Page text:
The controller 52 can then use this information in a diagnostic function to determine whether the solenoid 14 is operating properly, in a closed-loop control to vary the duty cycle of the PWM driving signal in response to the desired and actual positions of the armature, or in a hydraulic clutch control to indicate an end-of-fill condition. It is to be noted that the present invention is not limited to these applications and it may be evident to those skilled in the art that other uses may be possible.

The circuit shown in FIG. 4 is exemplary, and the manner of design and construction of this, or a similar, circuit would be commonly known to a person skilled in the art.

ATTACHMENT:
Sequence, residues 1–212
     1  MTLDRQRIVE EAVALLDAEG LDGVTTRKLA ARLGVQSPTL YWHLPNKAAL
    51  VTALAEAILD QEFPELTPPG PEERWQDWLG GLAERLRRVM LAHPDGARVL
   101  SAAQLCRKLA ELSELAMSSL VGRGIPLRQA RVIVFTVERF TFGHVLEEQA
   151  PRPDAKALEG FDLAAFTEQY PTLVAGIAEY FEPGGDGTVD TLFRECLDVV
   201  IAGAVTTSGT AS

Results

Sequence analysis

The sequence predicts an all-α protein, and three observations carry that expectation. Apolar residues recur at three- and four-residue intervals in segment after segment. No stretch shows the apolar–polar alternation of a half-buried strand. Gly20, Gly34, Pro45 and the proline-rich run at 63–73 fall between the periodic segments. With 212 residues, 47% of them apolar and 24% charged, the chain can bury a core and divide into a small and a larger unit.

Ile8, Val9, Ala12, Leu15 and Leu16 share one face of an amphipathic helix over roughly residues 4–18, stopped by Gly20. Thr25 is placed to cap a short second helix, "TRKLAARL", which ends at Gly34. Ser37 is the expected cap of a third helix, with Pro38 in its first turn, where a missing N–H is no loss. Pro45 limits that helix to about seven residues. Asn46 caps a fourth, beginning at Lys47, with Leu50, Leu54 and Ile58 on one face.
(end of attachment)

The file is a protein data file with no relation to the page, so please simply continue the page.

Yet another method for determining the armature position is provided by measuring the frequency of the applied voltage. To further illustrate this, the relationships between the voltage of the driving signal across the terminals of the coil, the magnitude of the coil current with respect to time, and the inductance of the coil are shown in FIG. 5. As voltage is applied to the coil, the magnitude of current in the coil exponentially increases towards a predetermined maximum value (MAX); similarly, as voltage is removed from the coil, the magnitude of current in the coil exponentially decreases to a predetermined minimum value (MIN). As is well known, changes in inductance brings about changes in the rate of growth or decay of the current. Shown on the time graph, the inductance changes from a larger value, L1, to a smaller value, L2. Accordingly, the rate of change of the coil current changes with the changing inductance.